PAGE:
Failed IV attempt

  1. I had an opportunity at work to start an IV and failed after 3 tries. My confidence has been shot down. I was able to get a blood return, so I must have punctured through the back wall. I am not sure what I can do to improve my chances next time. I was not comfortable using the spring loaded needles. Bummer!
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    About Achoo!

    Joined: Feb '04; Posts: 1,740; Likes: 49
    Urgent Care


  3. by   AnnieOaklyRN
    Take your time, do some vein shopping. Insert the needle at a 45 degree angle or less depending on how deep the vein is and once you get a flash remember to flatten the cather and insert it a tiny bit more before taking the needle out. Hope this helps

  4. by   moongirl
    wow- 3 tries? we are allowed one, then have to hand it back to the nurse. no sense making the pt into an expiremental pin cushion.

    This was your first IV..? there will be plenty more and I personally dont know a soul who is 100 percent for IV starts until they get some time under their belt
  5. by   RN BSN 2009
    skills take time, otherwise they wouldnt be called skills
  6. by   Achoo!
    This was at my job. I tried twice, then asked the pt if he wanted me to try once more or forget it. He is the one who let me do it again. I even had the doctor in with me. I got a flashback and tried to " float" the rest of the catheter in, but it infiltrated. I have been a CMA for 15 years and done TONS of venipuncture- even worked in a lab. I thought I'd have a better chance since I know how to find a vein. Threading it is a completrely different skill.
  7. by   Sheri257
    I've missed my share of IV's. There was one day where I couldn't get a single stick. These patients' vasculature is shot and it can be really hard. But I wouldn't feel too bad about it. I've seen a lot of veteran RN's miss IV's also and they usually called someone else in to do it.

  8. by   JentheRN05
    Idea is once you get flash advance just a smidgen then advance the catheter all the way in. Don't try to float on your first go. Floating isn't 'supposed' to be done. Not sure why, but I do it all the time. But floating is yet again a SKILL you acquire. Good luck next time!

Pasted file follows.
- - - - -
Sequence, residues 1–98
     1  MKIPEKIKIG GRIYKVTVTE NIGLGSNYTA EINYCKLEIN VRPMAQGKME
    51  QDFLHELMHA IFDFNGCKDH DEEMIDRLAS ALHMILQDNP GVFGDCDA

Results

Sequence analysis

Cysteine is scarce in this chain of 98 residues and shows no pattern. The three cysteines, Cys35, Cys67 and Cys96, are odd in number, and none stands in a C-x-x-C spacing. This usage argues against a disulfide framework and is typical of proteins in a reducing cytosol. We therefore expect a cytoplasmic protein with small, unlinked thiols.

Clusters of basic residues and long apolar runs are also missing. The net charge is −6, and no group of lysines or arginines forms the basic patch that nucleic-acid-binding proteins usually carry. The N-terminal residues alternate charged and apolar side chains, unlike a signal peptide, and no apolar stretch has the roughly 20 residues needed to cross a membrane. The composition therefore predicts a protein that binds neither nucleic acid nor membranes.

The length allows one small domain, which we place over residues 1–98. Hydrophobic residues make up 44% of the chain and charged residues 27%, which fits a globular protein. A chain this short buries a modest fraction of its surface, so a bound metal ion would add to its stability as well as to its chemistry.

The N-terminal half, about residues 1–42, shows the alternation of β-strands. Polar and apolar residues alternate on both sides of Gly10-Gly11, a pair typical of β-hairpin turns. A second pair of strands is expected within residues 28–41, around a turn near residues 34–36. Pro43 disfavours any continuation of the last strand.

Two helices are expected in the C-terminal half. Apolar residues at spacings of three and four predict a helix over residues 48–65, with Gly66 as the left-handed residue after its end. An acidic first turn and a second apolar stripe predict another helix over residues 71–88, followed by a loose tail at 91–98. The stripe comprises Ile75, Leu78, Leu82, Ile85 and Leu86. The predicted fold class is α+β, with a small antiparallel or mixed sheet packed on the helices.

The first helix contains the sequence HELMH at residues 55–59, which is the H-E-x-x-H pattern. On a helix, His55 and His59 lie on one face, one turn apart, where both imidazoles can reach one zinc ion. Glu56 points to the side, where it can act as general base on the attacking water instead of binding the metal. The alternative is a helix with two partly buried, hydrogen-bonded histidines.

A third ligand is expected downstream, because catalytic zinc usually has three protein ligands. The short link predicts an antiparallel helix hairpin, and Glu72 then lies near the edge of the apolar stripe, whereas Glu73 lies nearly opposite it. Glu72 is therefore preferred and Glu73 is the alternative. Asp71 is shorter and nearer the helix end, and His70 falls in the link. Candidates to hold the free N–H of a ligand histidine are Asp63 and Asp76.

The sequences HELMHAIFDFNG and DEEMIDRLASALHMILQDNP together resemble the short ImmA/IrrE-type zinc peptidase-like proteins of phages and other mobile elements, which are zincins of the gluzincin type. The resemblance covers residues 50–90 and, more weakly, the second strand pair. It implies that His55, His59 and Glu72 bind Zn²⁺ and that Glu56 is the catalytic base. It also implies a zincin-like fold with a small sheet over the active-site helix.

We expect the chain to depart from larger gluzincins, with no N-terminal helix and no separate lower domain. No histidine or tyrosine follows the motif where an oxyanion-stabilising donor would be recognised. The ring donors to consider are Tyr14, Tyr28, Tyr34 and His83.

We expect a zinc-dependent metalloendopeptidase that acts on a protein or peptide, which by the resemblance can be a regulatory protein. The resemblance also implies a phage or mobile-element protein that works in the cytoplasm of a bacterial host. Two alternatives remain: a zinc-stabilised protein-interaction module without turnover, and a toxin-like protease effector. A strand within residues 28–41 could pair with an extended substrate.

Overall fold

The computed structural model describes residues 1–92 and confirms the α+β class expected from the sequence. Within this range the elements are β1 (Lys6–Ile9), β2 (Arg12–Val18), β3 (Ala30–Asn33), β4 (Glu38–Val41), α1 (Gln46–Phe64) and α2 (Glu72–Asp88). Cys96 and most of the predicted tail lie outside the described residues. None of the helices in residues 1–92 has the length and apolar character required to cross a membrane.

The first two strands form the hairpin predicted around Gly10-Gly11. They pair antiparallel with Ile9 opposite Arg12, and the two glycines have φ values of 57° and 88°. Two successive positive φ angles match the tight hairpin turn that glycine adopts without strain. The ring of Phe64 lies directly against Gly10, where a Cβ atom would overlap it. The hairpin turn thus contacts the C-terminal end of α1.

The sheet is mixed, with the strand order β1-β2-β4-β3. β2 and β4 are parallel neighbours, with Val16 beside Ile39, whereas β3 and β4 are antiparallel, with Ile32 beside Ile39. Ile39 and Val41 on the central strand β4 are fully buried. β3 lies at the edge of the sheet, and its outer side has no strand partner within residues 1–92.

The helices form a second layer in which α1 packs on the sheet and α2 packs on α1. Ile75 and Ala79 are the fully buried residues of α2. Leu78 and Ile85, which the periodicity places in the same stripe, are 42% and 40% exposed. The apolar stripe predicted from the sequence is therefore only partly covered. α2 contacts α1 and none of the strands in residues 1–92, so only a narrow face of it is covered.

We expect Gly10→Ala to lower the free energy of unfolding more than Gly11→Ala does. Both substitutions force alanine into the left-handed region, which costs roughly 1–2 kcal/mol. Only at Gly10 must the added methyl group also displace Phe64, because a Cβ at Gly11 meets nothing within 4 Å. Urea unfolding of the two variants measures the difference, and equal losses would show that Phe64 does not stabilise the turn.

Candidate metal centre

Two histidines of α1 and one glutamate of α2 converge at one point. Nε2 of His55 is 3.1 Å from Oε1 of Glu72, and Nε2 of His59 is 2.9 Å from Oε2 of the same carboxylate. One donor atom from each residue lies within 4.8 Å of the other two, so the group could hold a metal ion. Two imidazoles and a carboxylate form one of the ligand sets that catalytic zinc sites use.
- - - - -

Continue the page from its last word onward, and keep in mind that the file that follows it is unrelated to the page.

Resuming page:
9. by   angel337
    during your nursing career you will miss MANY iv's. don't sweat it. it happens. even the best iv starters miss. there are some patients that just have crappy veins and it usually takes 2 times to get them. i used to worry about it too, but i don't any more and i consider myself pretty good when it comes to iv starts. i also was a medical asst. before and could draw blood on anyone but iv's are totally different.
  10. by   SteveNNP
    Once you insert and see a flash, FLATTEN your angle slightly, THEN advance the needle a hair before sliding the catheter off the needle. Sometimes you don't need a tourniquet. I've been starting IV's on preemies almost every shift for 2 years, and I still have "ruts" when I can't get a single one, and "runs" where I get them on the first stick. It takes time, practice, and luck.....mostly luck.

  11. by   GPatty
    Quote from iceyspots
    skills take time, otherwise they wouldnt be called skills
  12. by   Daytonite
    as you said, bummer! i was an iv therapist for a total of 6+ years. when i first became an rn i was terrible at starting ivs. there are just so many nuances to the art. the problem is that you can't see what's going on inside the veins. if we could, every stick would be perfect.

    here's a thread that has lots of information on it about all those little nuances:
  13. by   GardenDove
    On the older folks if I can see a vein, I do without the tourniquet. You don't need a vein to pop up in order to get in it, you just need to see it. I usually go for the anterior aspect of the forearm where the veins don't pop up, but they're more stable and can be seen. A tourniquet will blow the vein, try doing it without one.
  14. by   kida
    Take it from someone who tends to be hard on themselves. Give yourself grace! And keep practicing and every opportunity you can. Best of luck.